From BookTrailer101™ - Learn how to create a Book Trailer
Jump to: navigation, search
Previous - In The Beginning Next - Step 1
Link: Video:
Book Trailer 101

Book Trailer 101 Primer Book

Book Trailer 101 Prier Cover.jpeg

After releasing my Book Trailer 101 book, I received requests for a version focused on how-to with none of the theory. Book Trailer 101 Primer is a smaller book laying out the steps to create your effective book trailer. It is lower cost, smaller size (6x9") and also available in Kindle format. iBooks and ePub3 formats are in the works.

In July 2015 I released the PDF of the primer book.

What is a book trailer?


BT101 new logo.png

Short Link:

As a movie trailer is a video commercial for a movie, a book trailer is a video commercial for a book. While the concept is the same, the characteristics of a book trailer are different from a movie trailer. Let's explore book trailers by comparing them to movie trailers.

Movie trailers have been around since Nov 1913 when Nils Granlund produced a short promotional film for the musical The Pleasure Seekers, opening at the Winter Garden Theatre on Broadway. (The Evolution of the Movie Trailer
Echo Park by Michael Connelly is considered to be the first book trailer. It was uploaded to YouTube on Sept 20, 2006 and has been viewed over 50,000 times. The video is 9:41 long and cost about $10,000 to produce.
The trailer is a cinematic adaption of the book’s chapter-one ending with the tagline – “Read what happens next in” – then a shot of the cover followed by 53 seconds of production credits. The video is low resolution 320×240, which is 1/2 normal standard definition’s 640×480, and a long way from today's HD 1080p at 1920×1080. By today's standards of book trailers, it is very long, slow and over acted. I would never hold it up as an example of how to do a trailer. It was groundbreaking though and the first.
Echo Park by Michael Connelly: view the trailer and analysis.
Movie trailers are watched before the feature movie at the theatre or DVD, on television and the Internet via YouTube or embedded in a web page. Book trailers are really an invention of the Internet age and pretty well viewed only online. I am sure there are exceptions for very high-profile books, but the cost to show a book trailer as a TV commercial would be too high for most book promotion campaigns.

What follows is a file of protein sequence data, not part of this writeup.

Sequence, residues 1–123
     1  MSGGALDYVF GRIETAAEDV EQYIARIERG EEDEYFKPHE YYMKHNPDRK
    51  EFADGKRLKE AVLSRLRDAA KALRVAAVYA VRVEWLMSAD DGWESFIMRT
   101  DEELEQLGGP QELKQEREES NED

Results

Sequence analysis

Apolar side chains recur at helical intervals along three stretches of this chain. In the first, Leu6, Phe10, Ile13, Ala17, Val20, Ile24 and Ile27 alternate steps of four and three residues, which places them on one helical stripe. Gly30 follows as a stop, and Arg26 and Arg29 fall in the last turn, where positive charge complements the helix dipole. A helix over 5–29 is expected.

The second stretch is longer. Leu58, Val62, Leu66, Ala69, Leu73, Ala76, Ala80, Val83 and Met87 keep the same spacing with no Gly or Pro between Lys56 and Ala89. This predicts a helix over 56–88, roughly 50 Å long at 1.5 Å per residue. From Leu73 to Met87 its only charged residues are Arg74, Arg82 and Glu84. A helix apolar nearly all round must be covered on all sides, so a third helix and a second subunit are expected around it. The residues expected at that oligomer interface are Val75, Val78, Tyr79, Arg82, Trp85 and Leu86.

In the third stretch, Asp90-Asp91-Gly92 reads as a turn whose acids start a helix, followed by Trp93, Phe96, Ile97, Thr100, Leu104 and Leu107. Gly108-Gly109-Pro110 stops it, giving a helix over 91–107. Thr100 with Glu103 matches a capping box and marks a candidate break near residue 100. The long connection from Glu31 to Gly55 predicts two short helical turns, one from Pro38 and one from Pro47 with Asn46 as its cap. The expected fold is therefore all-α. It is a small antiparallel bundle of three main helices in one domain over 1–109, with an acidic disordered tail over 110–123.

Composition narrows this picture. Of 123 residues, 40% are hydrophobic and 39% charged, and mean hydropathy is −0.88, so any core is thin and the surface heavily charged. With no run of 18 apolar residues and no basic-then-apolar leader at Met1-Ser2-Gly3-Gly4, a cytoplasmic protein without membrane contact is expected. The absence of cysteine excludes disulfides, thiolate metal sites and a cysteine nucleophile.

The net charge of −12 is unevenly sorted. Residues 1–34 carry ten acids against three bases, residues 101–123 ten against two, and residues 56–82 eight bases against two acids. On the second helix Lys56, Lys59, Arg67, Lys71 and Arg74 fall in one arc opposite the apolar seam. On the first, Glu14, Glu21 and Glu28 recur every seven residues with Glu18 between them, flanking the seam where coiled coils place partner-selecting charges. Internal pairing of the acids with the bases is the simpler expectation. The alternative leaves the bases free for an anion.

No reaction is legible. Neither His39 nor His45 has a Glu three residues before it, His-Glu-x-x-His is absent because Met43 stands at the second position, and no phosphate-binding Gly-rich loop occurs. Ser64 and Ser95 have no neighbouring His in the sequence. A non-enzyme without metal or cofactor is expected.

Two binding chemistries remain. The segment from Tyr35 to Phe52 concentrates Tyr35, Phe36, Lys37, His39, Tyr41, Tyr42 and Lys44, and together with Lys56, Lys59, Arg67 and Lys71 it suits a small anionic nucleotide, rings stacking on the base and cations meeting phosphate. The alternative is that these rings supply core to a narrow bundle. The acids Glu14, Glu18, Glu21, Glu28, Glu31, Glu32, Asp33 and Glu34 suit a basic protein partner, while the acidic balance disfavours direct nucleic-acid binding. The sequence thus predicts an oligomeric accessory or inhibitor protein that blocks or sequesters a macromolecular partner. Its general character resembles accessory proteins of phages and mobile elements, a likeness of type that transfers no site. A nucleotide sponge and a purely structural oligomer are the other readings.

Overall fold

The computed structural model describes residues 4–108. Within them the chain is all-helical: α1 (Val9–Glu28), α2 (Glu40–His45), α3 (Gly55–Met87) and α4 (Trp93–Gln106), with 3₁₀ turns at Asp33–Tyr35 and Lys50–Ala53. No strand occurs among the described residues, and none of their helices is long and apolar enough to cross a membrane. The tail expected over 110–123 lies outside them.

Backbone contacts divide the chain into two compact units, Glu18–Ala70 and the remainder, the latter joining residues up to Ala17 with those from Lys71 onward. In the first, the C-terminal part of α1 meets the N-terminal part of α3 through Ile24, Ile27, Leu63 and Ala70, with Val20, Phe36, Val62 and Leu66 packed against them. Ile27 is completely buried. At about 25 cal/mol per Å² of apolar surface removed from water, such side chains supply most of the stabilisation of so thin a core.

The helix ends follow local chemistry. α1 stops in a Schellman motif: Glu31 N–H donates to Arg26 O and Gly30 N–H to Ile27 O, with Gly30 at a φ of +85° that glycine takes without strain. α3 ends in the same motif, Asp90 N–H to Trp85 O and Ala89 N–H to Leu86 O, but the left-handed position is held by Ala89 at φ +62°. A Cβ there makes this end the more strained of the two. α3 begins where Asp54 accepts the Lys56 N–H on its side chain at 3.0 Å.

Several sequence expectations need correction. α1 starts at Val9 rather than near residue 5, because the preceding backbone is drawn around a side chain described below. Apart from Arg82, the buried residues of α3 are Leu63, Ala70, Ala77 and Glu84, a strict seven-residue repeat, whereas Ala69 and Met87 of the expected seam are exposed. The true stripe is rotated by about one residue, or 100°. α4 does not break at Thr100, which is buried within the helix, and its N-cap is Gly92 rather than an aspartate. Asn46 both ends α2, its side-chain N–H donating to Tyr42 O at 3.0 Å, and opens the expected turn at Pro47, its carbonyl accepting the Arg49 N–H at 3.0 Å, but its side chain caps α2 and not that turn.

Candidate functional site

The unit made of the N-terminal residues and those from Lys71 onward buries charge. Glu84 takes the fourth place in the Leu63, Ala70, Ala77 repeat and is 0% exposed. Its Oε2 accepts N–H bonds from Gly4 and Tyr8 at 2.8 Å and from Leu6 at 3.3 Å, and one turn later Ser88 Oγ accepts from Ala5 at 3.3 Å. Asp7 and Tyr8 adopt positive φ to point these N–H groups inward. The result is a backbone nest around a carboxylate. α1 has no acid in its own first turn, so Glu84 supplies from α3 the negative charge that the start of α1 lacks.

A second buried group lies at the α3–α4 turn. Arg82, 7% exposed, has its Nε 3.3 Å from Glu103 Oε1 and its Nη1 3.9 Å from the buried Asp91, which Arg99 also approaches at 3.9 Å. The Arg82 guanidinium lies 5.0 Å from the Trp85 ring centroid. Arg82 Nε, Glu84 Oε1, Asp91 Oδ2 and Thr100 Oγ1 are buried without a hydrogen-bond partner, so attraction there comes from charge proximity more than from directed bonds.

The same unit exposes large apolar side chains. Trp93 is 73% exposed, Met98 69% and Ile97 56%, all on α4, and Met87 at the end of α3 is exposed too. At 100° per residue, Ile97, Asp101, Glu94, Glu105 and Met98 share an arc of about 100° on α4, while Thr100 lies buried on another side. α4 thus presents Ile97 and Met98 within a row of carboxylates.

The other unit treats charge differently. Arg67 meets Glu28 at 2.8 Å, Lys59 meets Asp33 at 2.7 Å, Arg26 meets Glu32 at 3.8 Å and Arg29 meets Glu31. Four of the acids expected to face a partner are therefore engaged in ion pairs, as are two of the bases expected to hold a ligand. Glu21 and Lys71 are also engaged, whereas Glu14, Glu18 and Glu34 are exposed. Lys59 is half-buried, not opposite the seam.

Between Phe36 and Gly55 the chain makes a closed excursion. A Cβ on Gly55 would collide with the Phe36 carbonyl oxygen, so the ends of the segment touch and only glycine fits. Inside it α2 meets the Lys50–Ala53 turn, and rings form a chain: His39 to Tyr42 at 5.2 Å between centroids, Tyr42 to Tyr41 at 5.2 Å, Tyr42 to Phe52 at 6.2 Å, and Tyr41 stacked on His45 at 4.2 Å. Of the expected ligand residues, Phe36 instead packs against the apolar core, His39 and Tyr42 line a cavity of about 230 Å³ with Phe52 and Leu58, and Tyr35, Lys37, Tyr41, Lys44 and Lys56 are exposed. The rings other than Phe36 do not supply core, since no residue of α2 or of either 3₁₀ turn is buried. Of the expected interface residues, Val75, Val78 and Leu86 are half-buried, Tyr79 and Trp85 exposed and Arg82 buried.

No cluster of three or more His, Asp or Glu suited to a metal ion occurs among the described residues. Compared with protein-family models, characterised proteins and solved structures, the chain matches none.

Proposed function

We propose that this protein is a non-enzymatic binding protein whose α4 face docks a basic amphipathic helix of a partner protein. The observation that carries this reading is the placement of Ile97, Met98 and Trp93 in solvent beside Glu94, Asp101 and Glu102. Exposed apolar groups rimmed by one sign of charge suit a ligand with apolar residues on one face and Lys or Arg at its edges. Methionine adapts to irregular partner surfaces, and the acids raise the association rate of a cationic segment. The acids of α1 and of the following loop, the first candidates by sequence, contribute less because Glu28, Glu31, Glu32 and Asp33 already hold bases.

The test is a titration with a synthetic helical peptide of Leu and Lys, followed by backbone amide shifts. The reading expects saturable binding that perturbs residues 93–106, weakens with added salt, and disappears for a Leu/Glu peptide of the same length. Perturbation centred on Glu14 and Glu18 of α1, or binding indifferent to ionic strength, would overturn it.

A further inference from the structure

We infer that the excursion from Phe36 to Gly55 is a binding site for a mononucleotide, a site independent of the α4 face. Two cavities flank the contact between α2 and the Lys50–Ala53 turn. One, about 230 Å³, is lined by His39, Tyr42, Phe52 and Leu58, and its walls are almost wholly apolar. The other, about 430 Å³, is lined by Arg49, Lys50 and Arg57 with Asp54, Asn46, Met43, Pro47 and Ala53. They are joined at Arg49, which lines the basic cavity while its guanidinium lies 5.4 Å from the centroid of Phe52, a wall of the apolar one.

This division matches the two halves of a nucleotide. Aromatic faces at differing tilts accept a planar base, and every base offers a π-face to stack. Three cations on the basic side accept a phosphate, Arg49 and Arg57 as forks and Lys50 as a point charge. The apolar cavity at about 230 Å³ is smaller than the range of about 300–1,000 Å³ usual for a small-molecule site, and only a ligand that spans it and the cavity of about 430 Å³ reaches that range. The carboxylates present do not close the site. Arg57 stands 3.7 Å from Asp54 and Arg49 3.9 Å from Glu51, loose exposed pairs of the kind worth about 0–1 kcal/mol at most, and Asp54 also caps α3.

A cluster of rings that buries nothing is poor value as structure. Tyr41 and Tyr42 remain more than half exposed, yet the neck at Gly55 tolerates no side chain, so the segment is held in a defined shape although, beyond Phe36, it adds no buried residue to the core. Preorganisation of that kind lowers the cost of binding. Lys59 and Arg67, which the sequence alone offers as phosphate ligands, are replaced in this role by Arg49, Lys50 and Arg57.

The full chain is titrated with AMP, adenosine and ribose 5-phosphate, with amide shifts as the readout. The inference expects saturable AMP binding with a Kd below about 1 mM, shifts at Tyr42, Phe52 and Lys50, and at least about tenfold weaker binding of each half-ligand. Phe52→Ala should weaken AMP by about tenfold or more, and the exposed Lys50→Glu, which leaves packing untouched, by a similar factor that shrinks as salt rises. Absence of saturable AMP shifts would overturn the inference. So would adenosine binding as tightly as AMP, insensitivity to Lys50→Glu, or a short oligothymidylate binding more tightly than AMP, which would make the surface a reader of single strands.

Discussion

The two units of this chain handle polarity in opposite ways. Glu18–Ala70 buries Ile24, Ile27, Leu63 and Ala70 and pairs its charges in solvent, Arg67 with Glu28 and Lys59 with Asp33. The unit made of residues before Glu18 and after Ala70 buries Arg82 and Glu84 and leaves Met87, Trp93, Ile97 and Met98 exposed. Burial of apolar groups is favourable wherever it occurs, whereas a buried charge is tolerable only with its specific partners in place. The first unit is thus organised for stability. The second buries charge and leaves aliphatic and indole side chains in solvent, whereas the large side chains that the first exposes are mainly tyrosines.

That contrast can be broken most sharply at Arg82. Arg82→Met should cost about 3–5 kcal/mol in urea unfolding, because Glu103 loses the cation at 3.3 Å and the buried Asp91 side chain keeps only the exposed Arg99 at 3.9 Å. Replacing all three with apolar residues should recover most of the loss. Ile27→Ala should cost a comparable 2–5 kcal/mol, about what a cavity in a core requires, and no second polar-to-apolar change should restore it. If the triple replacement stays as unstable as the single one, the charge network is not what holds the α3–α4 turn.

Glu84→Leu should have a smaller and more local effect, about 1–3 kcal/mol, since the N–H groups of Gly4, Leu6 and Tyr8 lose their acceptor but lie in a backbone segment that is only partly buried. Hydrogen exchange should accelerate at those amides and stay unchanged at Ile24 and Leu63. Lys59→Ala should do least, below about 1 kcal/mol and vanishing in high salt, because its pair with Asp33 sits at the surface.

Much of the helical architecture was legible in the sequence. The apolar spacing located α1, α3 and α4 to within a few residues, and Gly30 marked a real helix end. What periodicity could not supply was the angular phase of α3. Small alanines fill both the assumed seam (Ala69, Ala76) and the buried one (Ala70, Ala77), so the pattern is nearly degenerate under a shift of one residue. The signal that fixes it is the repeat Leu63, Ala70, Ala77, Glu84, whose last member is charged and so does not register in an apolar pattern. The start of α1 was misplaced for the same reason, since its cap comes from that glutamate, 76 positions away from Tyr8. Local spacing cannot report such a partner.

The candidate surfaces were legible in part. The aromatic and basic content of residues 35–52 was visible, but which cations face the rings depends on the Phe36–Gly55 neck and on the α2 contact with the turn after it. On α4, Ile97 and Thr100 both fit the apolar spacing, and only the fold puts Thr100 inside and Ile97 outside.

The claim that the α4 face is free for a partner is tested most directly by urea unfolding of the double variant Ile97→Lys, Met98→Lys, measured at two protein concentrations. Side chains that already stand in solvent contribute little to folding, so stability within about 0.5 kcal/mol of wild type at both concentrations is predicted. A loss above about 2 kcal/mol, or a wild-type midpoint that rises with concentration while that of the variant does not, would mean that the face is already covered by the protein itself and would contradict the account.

Movie Trailer - Theatre, DVD, TV, YouTube - embedded on a website
Book Trailer - YouTube - embedded on a website

Note: there are video sites other than YouTube such as Vimeo. I use YouTube here as it is the most popular.

Raw Material
While a movie trailer is created with footage and music from the film, a book trailer's raw materials consist of words from the book. All visuals and sounds must be created for the trailer. A movie trailer is a visual medium promoting a visual medium, while a book trailer is a visual medium promoting a text medium.
Movie Trailer - Footage and sound/music from the film
Book Trailer - Words from the book
For cost reasons, a movie trailer for viewing on television is usually one minute, but movie trailers for the theatre or DVD are 2:30 long. The MPAA limits movie trailers for theatre showing to 2:30 except for special productions. Book trailers, on the other hand, are typically about one minute in length but there are successful trailers ranging from seven seconds to over 25 minutes. There is no cost difference in putting a longer trailer on the web; both are free. The challenge is keeping the viewer interested and engaged.
Movie Trailer - Television 1:00; Theatre, DVD, YouTube, embedded on a website 2:30
Book Trailer - Any length, but around 1:00 is the most common
Viewing on the web
Assuming the trailer is hosted on YouTube, a viewer could watch it on the YouTube site or embedded in another website such as the author's or publisher's page. When a video is viewed on YouTube, it is surrounded with thumbnails and click bait for other videos, so abandoning your trailer for a video of 'kittens and puppies' is just a short click away. Your viewers may be scanning the lists of other videos while yours is playing. If you don't grab and hold their interest they are gone.
The goal of a movie trailer is to get you to go to the theatre or later in the release cycle to watch on-demand or buy the DVD. The goal of a book trailer is to visit the book website for more details or to purchase the book. A book trailer for a popular title may pitch more directly to buy the book.
  Movie Trailer Book Trailer
First Trailer November 1913 September 2006
Viewing Theatre, DVD, TV, Internet Internet
Raw Material Film footage, sound and music Text from book